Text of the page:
Still no charges against anyone involved in the Fast & Furious gun trafficking scheme that was paid for by Obama’s stimulus and covered up by Obama’s use of executive privilege.
PHOENIX—Two men were sentenced Monday for their roles in a gun smuggling ring that was part of the U.S. government’s botched Operation Fast and Furious, an investigation that unraveled after illegally purchased weapons turned up at the scene of a fatal Border Patrol agent shooting.
Jacob Anthony Montelongo was sentenced in federal court in Phoenix to nearly 3 1/2 years in prison after pleading guilty to conspiracy and dealing guns without a license. Sean Christopher Steward received a nine-year sentence for conspiracy and making false statements to authorities.
According to the U.S. Justice Department, Steward and Montelongo were among so-called straw buyers who illegally purchased weapons for traffickers and Mexican drug cartels in a wide-ranging Phoenix-based gun trafficking ring.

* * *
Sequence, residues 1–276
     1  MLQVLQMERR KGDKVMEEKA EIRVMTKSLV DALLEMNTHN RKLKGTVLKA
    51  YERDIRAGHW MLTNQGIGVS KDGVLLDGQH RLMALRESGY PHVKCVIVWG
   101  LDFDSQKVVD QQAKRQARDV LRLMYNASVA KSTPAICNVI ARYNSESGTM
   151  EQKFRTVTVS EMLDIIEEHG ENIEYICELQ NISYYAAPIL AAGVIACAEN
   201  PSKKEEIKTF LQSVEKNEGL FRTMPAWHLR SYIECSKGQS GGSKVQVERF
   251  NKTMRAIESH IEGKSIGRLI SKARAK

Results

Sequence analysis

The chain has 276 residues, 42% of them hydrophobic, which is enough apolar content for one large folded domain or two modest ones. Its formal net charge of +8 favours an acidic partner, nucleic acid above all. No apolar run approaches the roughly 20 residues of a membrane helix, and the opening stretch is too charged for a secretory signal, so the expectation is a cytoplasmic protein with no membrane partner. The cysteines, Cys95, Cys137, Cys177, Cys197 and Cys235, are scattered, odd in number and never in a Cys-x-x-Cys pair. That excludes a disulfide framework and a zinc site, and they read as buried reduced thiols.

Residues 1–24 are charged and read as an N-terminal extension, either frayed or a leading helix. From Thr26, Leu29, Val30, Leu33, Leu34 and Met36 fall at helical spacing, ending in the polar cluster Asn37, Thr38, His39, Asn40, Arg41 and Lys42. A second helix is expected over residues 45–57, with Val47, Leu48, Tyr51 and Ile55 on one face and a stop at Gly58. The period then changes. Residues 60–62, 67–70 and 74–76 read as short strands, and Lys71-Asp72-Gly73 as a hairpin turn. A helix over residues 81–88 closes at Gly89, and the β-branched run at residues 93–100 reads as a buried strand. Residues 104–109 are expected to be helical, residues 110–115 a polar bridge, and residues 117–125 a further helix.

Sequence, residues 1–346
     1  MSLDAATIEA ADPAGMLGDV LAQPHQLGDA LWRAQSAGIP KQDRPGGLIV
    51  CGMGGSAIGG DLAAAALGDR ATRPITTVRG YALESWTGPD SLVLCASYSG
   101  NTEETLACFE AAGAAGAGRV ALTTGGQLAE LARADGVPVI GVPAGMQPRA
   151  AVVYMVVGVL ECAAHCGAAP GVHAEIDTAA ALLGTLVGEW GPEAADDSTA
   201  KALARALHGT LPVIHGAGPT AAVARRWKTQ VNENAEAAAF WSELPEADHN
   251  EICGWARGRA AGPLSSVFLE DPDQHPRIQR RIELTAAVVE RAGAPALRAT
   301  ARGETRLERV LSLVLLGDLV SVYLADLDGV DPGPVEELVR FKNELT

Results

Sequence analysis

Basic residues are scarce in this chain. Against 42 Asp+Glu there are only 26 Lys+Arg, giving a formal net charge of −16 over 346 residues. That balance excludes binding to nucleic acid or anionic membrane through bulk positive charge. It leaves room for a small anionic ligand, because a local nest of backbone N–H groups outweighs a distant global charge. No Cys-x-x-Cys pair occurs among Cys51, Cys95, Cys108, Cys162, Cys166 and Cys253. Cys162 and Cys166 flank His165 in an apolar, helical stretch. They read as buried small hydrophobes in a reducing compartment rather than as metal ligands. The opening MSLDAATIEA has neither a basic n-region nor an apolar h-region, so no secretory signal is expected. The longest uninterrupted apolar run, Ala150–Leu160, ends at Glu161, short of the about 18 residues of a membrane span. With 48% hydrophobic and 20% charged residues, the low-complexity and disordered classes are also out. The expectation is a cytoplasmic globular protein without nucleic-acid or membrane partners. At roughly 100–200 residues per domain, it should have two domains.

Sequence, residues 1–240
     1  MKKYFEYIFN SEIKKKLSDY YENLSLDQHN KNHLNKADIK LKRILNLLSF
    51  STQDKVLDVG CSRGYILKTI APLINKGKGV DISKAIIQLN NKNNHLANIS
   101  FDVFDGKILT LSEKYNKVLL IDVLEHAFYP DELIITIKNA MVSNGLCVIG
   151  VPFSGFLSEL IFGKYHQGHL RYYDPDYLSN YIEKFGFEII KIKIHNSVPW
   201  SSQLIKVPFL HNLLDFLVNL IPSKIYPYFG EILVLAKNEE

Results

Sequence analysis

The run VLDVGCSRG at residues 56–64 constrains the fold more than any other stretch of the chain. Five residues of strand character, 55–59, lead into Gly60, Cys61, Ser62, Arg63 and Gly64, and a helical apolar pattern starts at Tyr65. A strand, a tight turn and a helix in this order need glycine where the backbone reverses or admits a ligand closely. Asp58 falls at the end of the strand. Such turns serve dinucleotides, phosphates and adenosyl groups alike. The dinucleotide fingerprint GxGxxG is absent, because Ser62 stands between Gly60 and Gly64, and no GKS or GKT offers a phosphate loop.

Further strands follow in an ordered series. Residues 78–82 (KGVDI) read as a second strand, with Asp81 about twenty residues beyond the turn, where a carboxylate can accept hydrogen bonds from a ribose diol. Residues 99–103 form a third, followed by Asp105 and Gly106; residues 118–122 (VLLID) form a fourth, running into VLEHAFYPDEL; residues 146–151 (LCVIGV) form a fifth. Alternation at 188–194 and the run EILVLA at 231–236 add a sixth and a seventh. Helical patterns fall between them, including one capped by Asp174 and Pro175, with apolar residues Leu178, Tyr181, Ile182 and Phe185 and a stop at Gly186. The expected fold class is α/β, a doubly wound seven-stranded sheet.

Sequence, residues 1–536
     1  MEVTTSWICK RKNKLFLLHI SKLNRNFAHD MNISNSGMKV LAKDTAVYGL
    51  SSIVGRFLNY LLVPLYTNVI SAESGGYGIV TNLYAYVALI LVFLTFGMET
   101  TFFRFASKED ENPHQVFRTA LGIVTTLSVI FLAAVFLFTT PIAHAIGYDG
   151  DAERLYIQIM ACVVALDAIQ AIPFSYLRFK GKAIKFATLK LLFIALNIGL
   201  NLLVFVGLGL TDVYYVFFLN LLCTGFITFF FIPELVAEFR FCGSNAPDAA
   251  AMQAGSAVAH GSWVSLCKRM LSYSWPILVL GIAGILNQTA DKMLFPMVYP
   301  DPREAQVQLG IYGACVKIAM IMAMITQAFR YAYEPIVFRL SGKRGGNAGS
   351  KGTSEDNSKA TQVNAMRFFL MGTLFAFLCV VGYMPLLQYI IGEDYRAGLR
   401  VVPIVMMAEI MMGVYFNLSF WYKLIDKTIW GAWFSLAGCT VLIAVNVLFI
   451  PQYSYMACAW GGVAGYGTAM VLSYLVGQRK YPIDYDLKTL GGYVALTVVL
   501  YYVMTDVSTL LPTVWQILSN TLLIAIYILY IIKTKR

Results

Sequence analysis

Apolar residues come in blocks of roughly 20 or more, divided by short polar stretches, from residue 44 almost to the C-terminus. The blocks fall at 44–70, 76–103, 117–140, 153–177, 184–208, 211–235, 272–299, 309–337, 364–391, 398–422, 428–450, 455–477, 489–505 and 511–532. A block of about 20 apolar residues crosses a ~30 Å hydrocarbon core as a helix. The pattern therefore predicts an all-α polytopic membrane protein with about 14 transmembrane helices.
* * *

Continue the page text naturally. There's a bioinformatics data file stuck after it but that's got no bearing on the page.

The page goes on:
In Operation Fast and Furious, agents from the Bureau of Alcohol, Tobacco, Firearms and Explosives used a controversial tactic called gun-walking, where instead of intercepting all weapons believed to be purchased illegally almost immediately, they wanted to track the guns back to high-level arms traffickers who had long eluded prosecution, in an effort to dismantle their networks.
But federal agents lost track of many of the guns purchased at Arizona shops before they ended up in Mexico, where many of them have been recovered at crime scenes. The operation ultimately identified more than 2,000 illicitly purchased weapons, and some 1,400 of them have yet to be found.